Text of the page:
Wearable sensors can be printed directly onto skin at room temperature

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An example of the new wearable sensor developed at Penn State University

Flexible electronics have opened up some interesting possibilities when it comes to wearable sensors that can be applied to the skin, taking the form of tattoo-like films and sleeves that monitor various aspects of human health. Scientists at Penn State University have now developed one they say can be safely printed directly onto the skin, where it can track things like body temperature and blood oxygen levels, before being washed off once the job is done.

The new printable sensors build on earlier work by the same researchers, in which they developed flexible circuit boards for use in wearable sensors. But a key part of this process involved bonding some of the metallic components together at the kinds of temperatures not well tolerated by the human body, at around 572 °F (300 °C).

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A stretchable battery, powered by sweat, could revolutionize wearables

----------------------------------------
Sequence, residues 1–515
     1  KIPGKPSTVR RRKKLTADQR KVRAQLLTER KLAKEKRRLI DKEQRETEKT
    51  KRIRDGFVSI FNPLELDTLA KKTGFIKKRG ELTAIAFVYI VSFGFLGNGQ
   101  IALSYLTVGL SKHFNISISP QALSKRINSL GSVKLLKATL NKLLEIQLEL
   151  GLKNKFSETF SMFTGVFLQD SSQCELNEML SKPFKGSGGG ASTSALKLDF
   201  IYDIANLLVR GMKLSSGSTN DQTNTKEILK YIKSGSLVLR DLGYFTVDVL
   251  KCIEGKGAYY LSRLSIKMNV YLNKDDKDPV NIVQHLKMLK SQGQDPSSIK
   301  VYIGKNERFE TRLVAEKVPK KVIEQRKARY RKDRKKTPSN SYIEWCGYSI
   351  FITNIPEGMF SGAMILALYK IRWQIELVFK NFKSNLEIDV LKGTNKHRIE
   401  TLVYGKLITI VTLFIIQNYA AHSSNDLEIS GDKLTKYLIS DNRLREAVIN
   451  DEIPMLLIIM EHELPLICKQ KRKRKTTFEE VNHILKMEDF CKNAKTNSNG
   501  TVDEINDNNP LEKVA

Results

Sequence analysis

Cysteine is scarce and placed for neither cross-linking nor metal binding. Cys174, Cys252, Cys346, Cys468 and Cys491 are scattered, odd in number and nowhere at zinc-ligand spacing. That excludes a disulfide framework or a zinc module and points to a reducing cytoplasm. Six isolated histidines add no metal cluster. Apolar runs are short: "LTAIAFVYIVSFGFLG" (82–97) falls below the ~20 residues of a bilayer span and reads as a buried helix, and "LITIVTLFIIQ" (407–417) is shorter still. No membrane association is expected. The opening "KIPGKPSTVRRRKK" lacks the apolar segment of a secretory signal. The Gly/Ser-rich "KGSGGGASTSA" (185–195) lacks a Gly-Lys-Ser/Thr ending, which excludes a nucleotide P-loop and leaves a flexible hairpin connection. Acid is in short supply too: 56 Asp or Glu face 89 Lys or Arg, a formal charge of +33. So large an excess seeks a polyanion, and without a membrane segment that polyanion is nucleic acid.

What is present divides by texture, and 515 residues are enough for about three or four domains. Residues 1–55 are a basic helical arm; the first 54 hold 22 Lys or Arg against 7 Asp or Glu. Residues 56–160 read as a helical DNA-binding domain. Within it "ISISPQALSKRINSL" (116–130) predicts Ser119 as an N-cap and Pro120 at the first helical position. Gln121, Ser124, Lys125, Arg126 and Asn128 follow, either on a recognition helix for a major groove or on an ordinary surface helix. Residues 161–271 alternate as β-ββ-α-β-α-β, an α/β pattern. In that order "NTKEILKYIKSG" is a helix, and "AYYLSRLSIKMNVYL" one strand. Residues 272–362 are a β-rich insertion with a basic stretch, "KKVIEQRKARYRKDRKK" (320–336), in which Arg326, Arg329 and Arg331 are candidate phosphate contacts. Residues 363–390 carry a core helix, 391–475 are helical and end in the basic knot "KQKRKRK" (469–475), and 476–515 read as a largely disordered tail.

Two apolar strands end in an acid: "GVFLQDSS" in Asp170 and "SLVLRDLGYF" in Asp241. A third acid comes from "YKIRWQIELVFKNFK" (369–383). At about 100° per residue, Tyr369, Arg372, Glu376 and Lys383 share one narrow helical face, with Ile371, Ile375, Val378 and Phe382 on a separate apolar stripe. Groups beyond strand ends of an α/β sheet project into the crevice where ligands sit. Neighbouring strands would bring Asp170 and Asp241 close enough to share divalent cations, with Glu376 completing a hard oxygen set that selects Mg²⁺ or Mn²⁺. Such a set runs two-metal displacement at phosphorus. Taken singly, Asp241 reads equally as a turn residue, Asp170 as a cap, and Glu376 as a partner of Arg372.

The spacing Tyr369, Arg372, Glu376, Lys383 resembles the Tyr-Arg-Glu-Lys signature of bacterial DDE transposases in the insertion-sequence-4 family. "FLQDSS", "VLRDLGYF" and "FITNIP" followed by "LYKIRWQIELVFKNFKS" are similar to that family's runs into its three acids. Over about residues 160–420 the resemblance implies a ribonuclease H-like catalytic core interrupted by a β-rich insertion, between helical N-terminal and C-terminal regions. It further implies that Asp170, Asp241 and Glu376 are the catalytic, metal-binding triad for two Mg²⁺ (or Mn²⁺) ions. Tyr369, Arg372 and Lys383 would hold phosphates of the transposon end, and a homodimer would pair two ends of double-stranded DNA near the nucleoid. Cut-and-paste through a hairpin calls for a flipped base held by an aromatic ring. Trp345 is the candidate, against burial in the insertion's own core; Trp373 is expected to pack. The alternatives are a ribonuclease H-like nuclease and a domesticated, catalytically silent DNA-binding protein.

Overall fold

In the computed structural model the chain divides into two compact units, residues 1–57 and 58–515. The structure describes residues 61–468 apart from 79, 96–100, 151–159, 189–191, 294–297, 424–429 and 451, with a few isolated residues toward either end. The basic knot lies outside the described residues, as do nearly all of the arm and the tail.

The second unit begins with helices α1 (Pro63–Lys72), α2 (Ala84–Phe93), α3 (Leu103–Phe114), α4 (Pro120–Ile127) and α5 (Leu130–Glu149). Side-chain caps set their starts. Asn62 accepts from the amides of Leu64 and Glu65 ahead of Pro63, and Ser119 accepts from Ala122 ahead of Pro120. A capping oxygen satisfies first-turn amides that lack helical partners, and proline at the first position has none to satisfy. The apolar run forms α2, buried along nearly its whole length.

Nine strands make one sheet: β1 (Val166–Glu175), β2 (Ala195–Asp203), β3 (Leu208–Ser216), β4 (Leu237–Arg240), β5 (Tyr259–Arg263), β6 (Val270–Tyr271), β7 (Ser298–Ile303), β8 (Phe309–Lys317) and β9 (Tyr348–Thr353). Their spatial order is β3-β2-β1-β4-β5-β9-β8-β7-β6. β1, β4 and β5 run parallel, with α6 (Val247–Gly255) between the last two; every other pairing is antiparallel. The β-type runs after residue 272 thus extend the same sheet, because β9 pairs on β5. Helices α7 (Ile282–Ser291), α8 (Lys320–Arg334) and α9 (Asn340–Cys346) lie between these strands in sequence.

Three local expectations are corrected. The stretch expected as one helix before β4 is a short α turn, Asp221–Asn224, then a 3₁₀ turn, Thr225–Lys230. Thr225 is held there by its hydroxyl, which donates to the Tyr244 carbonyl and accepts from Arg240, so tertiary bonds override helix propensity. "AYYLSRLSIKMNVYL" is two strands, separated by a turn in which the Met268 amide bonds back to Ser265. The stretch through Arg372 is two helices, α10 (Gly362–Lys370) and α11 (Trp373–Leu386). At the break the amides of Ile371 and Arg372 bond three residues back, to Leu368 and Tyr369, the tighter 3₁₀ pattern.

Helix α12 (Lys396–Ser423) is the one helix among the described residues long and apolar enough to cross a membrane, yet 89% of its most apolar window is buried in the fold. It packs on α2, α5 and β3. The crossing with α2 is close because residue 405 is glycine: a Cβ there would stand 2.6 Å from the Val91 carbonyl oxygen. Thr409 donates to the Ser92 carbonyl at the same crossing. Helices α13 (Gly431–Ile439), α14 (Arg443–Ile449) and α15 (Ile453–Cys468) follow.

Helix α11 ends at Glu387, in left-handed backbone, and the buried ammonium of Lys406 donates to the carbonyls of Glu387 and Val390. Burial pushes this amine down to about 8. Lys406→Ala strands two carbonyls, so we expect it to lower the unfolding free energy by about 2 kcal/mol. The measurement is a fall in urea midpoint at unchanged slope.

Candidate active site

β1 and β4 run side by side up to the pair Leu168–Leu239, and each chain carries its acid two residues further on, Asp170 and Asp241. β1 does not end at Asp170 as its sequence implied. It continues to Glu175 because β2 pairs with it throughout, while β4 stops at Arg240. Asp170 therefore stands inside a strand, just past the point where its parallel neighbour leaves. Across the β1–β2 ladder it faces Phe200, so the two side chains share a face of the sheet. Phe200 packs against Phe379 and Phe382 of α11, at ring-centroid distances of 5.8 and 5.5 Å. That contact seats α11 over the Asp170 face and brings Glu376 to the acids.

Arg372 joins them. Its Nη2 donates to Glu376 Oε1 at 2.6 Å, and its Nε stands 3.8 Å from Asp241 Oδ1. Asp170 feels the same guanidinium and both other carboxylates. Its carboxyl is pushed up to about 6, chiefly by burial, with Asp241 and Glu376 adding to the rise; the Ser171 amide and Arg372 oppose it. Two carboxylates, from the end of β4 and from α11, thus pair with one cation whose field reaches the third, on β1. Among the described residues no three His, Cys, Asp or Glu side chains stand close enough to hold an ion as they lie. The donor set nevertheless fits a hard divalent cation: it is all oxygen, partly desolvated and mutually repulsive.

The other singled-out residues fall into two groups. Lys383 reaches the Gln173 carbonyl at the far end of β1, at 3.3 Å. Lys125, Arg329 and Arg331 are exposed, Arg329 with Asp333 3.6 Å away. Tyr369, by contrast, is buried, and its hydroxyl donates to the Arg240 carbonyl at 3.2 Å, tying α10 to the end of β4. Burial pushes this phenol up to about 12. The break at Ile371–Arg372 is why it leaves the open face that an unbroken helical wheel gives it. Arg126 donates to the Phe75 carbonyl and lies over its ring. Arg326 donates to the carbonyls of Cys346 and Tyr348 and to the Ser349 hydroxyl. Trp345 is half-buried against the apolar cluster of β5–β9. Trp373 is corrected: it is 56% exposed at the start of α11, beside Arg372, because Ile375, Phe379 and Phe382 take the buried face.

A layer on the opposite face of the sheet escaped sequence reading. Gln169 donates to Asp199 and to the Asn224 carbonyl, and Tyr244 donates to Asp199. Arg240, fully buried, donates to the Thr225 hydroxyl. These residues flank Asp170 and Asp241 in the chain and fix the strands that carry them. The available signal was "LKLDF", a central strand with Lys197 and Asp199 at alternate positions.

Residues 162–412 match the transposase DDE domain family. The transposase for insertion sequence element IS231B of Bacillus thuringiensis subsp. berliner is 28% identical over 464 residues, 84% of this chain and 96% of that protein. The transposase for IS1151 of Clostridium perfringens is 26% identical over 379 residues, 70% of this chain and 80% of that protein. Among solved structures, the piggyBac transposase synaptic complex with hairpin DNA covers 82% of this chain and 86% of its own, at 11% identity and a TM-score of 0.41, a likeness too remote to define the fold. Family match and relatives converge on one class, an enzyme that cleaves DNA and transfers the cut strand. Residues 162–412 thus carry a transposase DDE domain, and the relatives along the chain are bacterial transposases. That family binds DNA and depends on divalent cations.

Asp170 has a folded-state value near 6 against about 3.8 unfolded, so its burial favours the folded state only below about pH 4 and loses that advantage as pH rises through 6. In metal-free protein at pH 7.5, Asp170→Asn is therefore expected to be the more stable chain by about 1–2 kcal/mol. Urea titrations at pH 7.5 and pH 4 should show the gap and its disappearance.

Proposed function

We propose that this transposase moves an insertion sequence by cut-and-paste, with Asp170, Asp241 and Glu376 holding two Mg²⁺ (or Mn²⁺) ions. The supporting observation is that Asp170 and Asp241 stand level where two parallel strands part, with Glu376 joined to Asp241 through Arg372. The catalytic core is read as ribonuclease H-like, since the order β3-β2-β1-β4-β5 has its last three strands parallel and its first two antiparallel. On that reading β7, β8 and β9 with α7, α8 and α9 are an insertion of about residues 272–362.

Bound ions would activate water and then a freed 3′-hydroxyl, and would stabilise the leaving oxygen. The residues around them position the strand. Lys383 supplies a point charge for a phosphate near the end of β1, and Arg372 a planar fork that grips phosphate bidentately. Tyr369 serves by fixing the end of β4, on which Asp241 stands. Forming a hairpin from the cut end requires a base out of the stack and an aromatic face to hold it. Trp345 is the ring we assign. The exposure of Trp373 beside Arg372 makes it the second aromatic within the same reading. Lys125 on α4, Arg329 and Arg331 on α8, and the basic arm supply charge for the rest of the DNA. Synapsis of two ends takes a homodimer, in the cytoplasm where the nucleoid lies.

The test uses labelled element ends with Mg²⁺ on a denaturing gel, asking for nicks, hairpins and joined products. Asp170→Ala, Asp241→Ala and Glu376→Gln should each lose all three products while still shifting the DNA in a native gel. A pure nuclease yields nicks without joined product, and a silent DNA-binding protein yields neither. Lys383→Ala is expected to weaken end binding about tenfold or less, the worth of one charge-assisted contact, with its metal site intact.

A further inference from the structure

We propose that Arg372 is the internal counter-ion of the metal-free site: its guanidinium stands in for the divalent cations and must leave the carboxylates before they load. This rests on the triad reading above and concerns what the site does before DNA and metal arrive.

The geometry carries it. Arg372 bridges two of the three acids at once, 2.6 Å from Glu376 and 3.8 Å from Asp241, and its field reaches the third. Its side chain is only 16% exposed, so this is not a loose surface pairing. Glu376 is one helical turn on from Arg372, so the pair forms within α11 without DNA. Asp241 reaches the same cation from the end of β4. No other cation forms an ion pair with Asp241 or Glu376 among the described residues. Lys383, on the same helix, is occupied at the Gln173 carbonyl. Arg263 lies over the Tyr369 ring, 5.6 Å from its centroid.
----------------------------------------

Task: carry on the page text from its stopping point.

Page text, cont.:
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Whether it’s the AA batteries that go in TV remotes or the lithium-ion batteries found in smartphones, you probably have a pretty definite image that springs to mind when someone mentions “battery.” That could soon change, however, based on research coming out of the Binghamton University in New York, where scientists have developed a stretchy, textile-based, bacteria-powered bio-battery that could one day be used to power wearable devices. In demonstrations, the battery was shown to be able to exhibit stable electricity-generating capabilities even after repeated stretching and twisting cycles.

 

Continue reading… “A stretchable battery, powered by sweat, could revolutionize wearables”